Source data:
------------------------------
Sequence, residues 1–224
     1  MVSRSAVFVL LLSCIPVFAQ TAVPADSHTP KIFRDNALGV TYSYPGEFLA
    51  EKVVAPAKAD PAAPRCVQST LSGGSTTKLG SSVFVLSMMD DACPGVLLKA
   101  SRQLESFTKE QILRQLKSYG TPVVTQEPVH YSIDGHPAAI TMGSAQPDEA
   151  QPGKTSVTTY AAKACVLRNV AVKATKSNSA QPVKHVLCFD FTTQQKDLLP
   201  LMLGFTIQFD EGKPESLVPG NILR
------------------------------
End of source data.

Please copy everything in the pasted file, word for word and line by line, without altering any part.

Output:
Sequence, residues 1–224
     1  MVSRSAVFVL LLSCIPVFAQ TAVPADSHTP KIFRDNALGV TYSYPGEFLA
    51  EKVVAPAKAD PAAPRCVQST LSGGSTTKLG SSVFVLSMMD DACPGVLLKA
   101  SRQLESFTKE QILRQLKSYG TPVVTQEPVH YSIDGHPAAI TMGSAQPDEA
   151  QPGKTSVTTY AAKACVLRNV AVKATKSNSA QPVKHVLCFD FTTQQKDLLP
   201  LMLGFTIQFD EGKPESLVPG NILR